This week on Register Radio, Jeanette DeMelo and Thom Price talk to EWTN's Father John Paul Mary Zeller about the advantages of living Lent to the fullest. In the second half of the show, they sit down with Register senior editor Joan Frawley Desmond to filter out the frenzy and failure of 50 Shades of Grey.

Living Lent to the Fullest with Fr. John Paul Mary Zeller

Fr. John Paul Mary Zeller, MFVA was born and raised in New Freedom, Pennsylvania. He earned an associate’s degree in engineering from DeVry Institute of Technology in 2000. He became a seminarian for the Diocese of Harrisburg, PA shortly after his graduation.  He entered the MFVA community in 2004 and he professed final vows in 2010. He completed his theological studies at Mount St. Mary’s Seminary in 2012, earning a Masters in Divinity. He was ordained a deacon in 2012 and ordained to the priesthood in 2013.  Fr. John Paul is now overseeing the EWTN Pilgrimage Department, and is here to talk with us about Lent.

Lent comes with many visible signs. On Ash Wednesday, we receive ashes as a sign of our fasting and as a reminder of our sins, Fr. Zeller said. 

Lent is a time of repentance, Fr. Zeller pointed out. “We have the outward signs of ashes on our forehead, but does what we do on the outside, the signs we have on the outside, conform to what’s going on on the inside? The signs and symbols we use on the outside should always point to a greater repentance and a greater renewal of our hearts.”

“It all comes back to our relationship with Almighty God,” Fr. Zeller said, “and that’s what Lent is. It’s an opportunity to turn to the Lord again.”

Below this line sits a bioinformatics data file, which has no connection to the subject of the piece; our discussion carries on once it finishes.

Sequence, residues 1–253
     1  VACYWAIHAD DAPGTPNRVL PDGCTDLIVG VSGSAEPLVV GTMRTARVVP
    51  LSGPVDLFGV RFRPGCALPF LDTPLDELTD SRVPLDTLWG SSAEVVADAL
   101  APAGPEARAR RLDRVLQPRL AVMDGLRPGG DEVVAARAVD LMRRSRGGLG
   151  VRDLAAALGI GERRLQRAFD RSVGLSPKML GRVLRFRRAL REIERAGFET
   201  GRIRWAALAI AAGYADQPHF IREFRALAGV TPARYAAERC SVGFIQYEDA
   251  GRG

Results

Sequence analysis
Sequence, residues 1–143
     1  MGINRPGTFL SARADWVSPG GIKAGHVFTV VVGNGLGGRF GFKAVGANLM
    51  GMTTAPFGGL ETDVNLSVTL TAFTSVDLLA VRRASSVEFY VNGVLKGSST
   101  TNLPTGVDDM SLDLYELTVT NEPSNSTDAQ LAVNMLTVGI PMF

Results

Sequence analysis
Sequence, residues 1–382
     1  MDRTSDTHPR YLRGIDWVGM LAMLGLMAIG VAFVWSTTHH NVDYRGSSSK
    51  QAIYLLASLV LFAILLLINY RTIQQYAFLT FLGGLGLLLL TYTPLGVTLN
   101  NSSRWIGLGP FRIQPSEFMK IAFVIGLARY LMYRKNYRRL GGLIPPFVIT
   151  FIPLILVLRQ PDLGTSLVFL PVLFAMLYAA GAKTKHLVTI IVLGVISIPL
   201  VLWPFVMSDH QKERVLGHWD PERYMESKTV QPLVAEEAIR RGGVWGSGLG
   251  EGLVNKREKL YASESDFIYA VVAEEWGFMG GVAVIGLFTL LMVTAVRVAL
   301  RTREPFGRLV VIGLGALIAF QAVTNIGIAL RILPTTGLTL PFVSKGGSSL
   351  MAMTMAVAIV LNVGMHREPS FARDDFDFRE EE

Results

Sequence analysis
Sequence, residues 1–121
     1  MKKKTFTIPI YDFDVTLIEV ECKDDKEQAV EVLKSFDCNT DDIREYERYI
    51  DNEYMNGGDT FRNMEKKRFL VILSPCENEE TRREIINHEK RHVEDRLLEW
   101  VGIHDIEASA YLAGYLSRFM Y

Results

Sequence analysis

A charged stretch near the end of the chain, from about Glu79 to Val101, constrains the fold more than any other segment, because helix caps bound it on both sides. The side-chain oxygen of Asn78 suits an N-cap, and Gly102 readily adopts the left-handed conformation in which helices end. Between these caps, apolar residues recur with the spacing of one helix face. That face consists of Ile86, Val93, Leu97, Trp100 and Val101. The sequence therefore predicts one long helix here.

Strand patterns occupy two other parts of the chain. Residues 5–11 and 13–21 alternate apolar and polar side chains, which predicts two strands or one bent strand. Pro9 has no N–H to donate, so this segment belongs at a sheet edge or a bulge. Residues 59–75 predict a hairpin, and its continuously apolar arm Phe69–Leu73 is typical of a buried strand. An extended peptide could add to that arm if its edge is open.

The word conversion comes from conversio, Fr. Zeller said, and that means “to turn away from.” During Lent, we’re turning away from our vices and sins, not with despair but with hope.

“Lent is a preparation for what we’re going to do on Easter Vigil or Easter Sunday: renew our baptismal promises,” Fr. Zeller said. It is then, he said, that we’re “going to have the opportunity to reject sin, to reject Satan, to profess the faith of the Church.”

“Has it gone from your head to your heart?” he asked, pointing out that Lent is the journey that helps us accomplish that. 

“We should always be willing to confess, to do penance, to do almsgiving, especially for our own weaknesses, our own sinfulness, but really the sinfulness of the whole world,” he said. “I can’t think of a better time to do penance for persecuted Christians in the world.”

In his Ash Wednesday homily, Pope Francis mentioned crying in the Father’s arm, an image that can serve as a reminder of the parable of the Prodigal Son.

Links of note for this half of the show:

Talking about 50 Shades with Joan Frawley Desmond

Joan Frawley Desmond, is the Register’s senior editor. She is an award-winning journalist widely published in Catholic, ecumenical, and secular media. A graduate of the Pontifical John Paul II Institute for Studies of Marriage and Family, she lives with her family in Menlo Park, Ca, in the San Francisco Archdiocese.